The longer a fight with a fish is, the more energy it expends, and the more stress is put on the fish. Studies show that shorter fights lead to better recovery, and longer fights lead to higher mortality rates.

Time Out Of Water

The longer a fish spends time out of water, the more likely it is going to die. This is why “keep ’em wet” is so popular among catch and release fisherman. When taking a photo, responsible anglers will never lift the fish high, and will limit the time out of the water substantially, or will simply elect to never lift the fish above the water. Bigger landing nets help with this a lot.

Handling Of The Fish

This category can be broken up into many parts. Handling the fish includes picking up a fish with your hands, the surfaces that the fish come in contact with, the release and pulling out of a hook, and allowing fish time to revive/recover in a safe location. Fish that touch dry hands, gloves, non-rubber nets, dirt on the ground, ice, or really anything other than the water, will experience damage to their protective layers. Fish that get turned upside down, or squeezed too hard, or poked in the gills, eyes, or other areas will have higher mortality rates. This is why proper fish handling is so important. We will go into tips regarding this later.

When fish go through a long fight, they may also need time to revive and recover in a safe area, like large landing net where they can stay under water and the current won’t sweep them down stream. Properly reviving fish can lead to much better survival rates.

The Species Of Fish

Simply put, some species are capable of handling much more pressure. Trout, salmon and steelhead are prone to death and are far easier to kill than warm water species like Bass, Pickerel, Perch, and others. Some ocean water fish are extremely delicate, while others are extremely resilient. There are too many species to discuss here, but it is worth knowing how sensitive the fish species is that you may be catching in the water you are fishing.

Biological Factors & Location

Fish that have encountered disease, injury, recent breeding, illness, bad water quality, or even

fish in closed ecosystems in specific lakes, or high elevations can have wildly different mortality rates. All of these factors can be difficult to understand or control, yet play a major role in mortality rates.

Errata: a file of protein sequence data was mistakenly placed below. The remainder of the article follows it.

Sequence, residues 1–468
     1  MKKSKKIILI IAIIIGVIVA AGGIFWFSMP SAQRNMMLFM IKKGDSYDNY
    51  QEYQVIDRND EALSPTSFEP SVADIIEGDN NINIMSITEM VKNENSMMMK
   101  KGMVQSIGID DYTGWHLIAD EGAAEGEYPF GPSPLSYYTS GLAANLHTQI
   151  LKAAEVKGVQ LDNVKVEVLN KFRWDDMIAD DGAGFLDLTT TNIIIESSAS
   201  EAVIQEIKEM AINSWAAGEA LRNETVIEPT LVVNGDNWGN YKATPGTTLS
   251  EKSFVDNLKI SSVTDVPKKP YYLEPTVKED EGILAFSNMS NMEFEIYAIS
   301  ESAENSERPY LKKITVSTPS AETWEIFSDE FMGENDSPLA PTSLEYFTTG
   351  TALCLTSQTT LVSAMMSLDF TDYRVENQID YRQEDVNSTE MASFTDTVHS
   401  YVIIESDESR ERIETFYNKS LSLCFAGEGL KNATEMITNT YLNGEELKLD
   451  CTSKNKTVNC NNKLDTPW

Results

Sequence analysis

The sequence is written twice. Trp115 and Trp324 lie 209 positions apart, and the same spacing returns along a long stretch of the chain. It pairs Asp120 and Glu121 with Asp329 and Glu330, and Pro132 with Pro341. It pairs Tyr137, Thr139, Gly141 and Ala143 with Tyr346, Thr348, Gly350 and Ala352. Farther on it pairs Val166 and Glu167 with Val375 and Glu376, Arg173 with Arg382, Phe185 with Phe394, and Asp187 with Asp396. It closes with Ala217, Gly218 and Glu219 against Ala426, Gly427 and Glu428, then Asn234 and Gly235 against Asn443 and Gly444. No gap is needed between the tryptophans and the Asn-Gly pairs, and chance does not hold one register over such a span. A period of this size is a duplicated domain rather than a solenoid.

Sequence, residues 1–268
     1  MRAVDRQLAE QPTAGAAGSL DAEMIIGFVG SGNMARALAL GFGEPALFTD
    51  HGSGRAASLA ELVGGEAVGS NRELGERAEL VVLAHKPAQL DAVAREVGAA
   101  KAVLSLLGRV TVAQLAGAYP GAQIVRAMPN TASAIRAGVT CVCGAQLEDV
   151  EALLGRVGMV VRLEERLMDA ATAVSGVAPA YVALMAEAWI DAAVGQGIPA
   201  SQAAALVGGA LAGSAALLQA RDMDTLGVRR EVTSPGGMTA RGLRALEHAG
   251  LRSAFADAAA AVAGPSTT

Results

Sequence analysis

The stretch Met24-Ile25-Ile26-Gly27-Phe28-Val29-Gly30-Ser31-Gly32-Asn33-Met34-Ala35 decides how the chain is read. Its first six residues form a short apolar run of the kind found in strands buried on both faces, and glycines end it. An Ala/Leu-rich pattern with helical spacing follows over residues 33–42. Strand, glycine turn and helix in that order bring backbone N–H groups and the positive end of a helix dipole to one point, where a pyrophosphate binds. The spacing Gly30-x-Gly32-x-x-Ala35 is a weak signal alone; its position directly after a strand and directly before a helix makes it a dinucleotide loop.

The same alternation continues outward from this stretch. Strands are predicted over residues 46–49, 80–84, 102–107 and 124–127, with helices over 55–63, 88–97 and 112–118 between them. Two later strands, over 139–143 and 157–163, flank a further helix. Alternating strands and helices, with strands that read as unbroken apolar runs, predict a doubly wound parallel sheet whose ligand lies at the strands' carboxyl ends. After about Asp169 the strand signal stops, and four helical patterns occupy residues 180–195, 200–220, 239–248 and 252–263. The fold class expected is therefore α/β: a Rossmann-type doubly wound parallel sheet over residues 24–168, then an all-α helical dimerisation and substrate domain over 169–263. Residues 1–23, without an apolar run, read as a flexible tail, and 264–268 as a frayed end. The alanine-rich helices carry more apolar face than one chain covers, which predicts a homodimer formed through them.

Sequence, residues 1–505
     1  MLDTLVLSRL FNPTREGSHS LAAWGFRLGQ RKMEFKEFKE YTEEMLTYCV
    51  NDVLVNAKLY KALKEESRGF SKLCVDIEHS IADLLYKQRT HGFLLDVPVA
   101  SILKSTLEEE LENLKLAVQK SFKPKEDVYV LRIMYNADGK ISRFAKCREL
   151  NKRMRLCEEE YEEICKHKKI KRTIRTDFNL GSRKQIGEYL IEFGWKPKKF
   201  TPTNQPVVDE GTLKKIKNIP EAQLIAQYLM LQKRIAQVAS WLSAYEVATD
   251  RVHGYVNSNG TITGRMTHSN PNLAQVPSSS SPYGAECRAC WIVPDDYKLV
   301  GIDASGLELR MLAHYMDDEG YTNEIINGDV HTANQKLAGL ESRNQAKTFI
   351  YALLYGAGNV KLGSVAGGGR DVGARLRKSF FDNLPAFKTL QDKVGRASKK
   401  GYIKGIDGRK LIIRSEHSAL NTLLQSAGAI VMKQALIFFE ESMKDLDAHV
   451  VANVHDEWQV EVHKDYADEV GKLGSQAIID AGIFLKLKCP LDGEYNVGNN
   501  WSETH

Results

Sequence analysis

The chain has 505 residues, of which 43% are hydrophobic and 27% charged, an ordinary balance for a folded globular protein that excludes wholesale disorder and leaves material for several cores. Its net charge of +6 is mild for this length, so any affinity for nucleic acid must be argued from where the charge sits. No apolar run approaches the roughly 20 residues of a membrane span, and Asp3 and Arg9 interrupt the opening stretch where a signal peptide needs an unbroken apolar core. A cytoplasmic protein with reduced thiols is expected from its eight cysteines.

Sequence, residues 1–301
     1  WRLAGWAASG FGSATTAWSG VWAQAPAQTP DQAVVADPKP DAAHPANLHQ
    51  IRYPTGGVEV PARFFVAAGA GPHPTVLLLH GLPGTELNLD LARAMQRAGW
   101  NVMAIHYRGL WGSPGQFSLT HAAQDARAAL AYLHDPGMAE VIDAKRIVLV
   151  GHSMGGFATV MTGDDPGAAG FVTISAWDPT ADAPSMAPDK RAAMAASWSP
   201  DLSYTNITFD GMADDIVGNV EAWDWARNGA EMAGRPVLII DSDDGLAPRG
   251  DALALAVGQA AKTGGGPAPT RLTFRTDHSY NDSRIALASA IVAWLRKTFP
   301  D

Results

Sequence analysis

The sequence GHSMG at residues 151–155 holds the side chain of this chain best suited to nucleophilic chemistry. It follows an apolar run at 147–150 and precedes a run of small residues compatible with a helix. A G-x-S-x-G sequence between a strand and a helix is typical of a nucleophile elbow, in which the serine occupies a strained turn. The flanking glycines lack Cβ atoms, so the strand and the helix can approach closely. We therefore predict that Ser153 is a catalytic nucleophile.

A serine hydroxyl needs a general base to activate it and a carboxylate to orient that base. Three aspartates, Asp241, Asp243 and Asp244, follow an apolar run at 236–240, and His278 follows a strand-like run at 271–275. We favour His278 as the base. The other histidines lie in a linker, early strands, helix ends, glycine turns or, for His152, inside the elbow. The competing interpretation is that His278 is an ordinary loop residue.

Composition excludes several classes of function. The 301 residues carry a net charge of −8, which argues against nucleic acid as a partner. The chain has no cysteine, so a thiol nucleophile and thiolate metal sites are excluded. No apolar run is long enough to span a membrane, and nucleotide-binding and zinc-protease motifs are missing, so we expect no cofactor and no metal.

What Percentage Of Fish Die During Catch And Release?

We have compiled several studies for your reading as well as summarized our thoughts on these studies.

A 2005 meta study (a study that looks at multiple other studies to come to a conclusion) concluded that the average catch and release mortality rate was 18%. This study indicated that the species varies these average numbers widely. Read the study here.

A  study in Montana, predicts that around 20% of Trout that are released, die from stress or injuries sustained from the ordeal of being caught. According to the study, this figure does fluctuate pretty substantially when considering how the fish were caught, and several other factors.

Another study that looked at fish caught in a bass tournament concluded that over 40% of fish died within 6 days of being caught and released. It is worth noting that tournament catch and release could play a role in increased mortality. Read the study here.

A study on striped bass in North Carolina determined a mortality rate of 6.4% for released striped bass. You’ll notice this is a smaller number, likely due to striped bass being a bit of a more resilient species.

You’ll also hear about deep sea fish having extremely high mortality rates simply because bringing them to lower pressure water ends up killing them.